With a handful of experienced business advisors on staff, one of MAFFIC’s primary goals is to help producers keep their pulse on a constantly shifting food market. Source: iStock

“We’ve got a lot of enthusiasm coming out of the coronavirus pandemic for local foods from both consumers and producers who see an opportunity to fill a hole in the market,” said Joe Horner, co-director of MAFFIC and agricultural economist with MU Extension. “Now, we’ve got a vehicle and the means to accelerate some of those entrepreneurs’ goals.”

Since MAFFIC officially opened in early January, the center has already worked with 65 small business owners who develop niche goods including wood products, farm-finished meat, honey and elderberry products. A group of industry leaders provide oversight and input by serving as a board of directors for the center.

“The challenges of the last few years have created opportunities for Missouri producers,” said Ashley McCarty, MAFFIC board member and executive director of Missouri Farmers Care. “When producers can mobilize production, marketing and distribution, they can meet market demand and give consumers access to locally produced products. MAFFIC is ready to help Missouri value-added producers succeed.”

As one of a few resources of its kind in Missouri, MAFFIC will serve agricultural producers by assisting them in developing and marketing value-added products in the following ways:

  • Work with producers to assess business readiness, choose appropriate business structures, test business concepts and plan their businesses.
  • Offer financial advisory services to help producers compile financial statements, and provide advice on how to access capital, budget effectively and make financial projections.
  • Assist producers with developing products using safe methods by increasing understanding of food regulations and good agricultural practices.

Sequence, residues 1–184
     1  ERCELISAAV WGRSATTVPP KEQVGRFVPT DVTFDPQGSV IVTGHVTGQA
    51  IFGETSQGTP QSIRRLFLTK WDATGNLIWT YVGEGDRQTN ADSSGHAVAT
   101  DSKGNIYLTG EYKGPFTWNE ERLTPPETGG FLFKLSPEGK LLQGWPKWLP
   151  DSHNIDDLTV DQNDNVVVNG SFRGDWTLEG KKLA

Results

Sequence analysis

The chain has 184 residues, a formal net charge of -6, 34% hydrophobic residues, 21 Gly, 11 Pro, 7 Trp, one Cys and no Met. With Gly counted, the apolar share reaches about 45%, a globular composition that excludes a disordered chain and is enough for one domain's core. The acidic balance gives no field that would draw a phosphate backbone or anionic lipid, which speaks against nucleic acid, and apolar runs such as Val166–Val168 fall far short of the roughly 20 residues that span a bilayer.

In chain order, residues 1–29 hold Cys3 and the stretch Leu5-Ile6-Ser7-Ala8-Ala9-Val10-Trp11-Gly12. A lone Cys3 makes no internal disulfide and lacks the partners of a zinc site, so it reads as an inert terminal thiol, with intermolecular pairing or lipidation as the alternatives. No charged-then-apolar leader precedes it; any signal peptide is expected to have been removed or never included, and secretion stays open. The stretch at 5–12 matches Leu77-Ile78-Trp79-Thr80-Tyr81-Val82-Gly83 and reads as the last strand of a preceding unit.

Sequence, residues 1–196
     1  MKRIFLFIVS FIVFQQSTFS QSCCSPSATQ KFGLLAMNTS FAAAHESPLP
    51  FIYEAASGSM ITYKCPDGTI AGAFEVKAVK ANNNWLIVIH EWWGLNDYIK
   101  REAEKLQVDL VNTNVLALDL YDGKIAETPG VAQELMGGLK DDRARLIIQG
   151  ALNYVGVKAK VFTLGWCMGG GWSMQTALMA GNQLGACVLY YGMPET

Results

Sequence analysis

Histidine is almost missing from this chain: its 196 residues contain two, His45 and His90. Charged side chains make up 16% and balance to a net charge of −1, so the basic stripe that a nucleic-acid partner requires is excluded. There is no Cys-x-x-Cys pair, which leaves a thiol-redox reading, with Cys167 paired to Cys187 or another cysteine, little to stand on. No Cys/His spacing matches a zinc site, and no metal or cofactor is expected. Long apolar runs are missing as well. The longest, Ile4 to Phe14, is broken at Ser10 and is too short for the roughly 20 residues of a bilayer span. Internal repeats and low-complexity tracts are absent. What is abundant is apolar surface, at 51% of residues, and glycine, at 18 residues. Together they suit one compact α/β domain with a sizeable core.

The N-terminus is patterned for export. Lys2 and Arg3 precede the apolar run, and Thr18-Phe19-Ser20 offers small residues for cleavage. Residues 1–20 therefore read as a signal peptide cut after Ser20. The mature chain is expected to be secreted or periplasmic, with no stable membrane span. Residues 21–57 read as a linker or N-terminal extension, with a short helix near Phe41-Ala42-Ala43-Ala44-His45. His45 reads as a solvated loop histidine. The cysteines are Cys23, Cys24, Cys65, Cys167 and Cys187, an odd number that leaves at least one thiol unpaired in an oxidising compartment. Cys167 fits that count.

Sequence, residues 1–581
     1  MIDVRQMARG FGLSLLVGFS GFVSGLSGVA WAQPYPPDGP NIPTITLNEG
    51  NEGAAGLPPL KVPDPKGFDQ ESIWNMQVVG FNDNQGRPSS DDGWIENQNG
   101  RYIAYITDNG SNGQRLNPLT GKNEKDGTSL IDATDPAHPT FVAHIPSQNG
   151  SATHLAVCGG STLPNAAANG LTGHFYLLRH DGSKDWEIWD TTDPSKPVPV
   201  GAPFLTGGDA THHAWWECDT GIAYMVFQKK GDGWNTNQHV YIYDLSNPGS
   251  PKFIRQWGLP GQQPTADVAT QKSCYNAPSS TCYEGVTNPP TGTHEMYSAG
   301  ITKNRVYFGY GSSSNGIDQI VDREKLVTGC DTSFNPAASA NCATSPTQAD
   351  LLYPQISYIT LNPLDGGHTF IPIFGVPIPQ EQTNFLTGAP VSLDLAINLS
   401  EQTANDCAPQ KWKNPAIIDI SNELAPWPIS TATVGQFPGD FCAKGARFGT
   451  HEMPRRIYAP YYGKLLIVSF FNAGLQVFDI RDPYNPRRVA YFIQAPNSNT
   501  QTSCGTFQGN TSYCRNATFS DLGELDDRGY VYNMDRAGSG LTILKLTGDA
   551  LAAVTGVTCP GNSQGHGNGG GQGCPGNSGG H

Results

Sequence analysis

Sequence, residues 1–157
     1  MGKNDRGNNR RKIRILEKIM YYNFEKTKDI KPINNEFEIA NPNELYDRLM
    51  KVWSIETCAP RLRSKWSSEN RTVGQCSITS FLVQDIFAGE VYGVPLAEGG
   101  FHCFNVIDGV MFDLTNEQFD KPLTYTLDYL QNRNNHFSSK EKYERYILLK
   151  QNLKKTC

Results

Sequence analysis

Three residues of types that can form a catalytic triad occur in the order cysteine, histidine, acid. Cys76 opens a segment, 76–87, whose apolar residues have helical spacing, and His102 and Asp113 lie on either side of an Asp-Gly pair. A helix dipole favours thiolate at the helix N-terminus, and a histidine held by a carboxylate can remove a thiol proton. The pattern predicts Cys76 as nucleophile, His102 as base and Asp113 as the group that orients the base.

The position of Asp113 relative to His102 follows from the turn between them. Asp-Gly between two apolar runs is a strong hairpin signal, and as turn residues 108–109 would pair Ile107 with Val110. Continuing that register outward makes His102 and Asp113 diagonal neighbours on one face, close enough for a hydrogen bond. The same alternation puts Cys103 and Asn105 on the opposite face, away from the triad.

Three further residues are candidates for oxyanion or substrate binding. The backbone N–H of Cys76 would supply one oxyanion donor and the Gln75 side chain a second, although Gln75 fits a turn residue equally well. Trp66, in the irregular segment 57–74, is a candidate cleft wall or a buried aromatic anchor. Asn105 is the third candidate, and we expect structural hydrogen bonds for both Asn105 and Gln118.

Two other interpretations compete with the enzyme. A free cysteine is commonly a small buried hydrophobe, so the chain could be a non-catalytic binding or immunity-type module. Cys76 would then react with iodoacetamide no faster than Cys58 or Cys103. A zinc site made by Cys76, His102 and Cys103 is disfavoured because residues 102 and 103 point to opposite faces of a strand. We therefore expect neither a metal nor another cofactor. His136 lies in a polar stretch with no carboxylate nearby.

• Connect producers with value-chain stakeholders and infrastructure such as commercial kitchens, processors, storage facilities and distributors.
  • Work with producers to think through marketing considerations such as communicating with customers, collecting their feedback and pricing products competitively.
Win grapes are shown moving through a processing machine.
Winemaking, an historically well-cultivated industry in the Show-Me state, involves a process of crushing bunches of grapes in an industrial grape-crusher machine. Source: iStock

“This center encourages entrepreneurs to bring innovative ideas to Missouri’s agri-marketplace,” said Rob Kallenbach, associate dean for Extension in the College of Agriculture, Food and Natural Resources. “MAFFIC’s work will help new or expanding companies develop solid business plans and connect them to potential customers.”

Agricultural entrepreneurs interested in exploring or expanding value-added businesses can learn more about the center, find resources and request technical assistance at missouriaginnovation.com.

Editor’s note: MAFFIC consists of a team of multidisciplinary experts: co-directors Mallory Rahe and Joe Horner; food safety specialist Kantha Channaiah; business counselors Ryan Milhollin, Alice Roach, Amie Breshears, Debi Kelly, Justin Keay, Drew Kientzy, Jennifer Lutes and Katie Neuner; and MASBDA agricultural loan officers Jacob Stoehr and Marla Young.

Contact: Courtney Perrett, 573-882-6217, cperrett@missouri.edu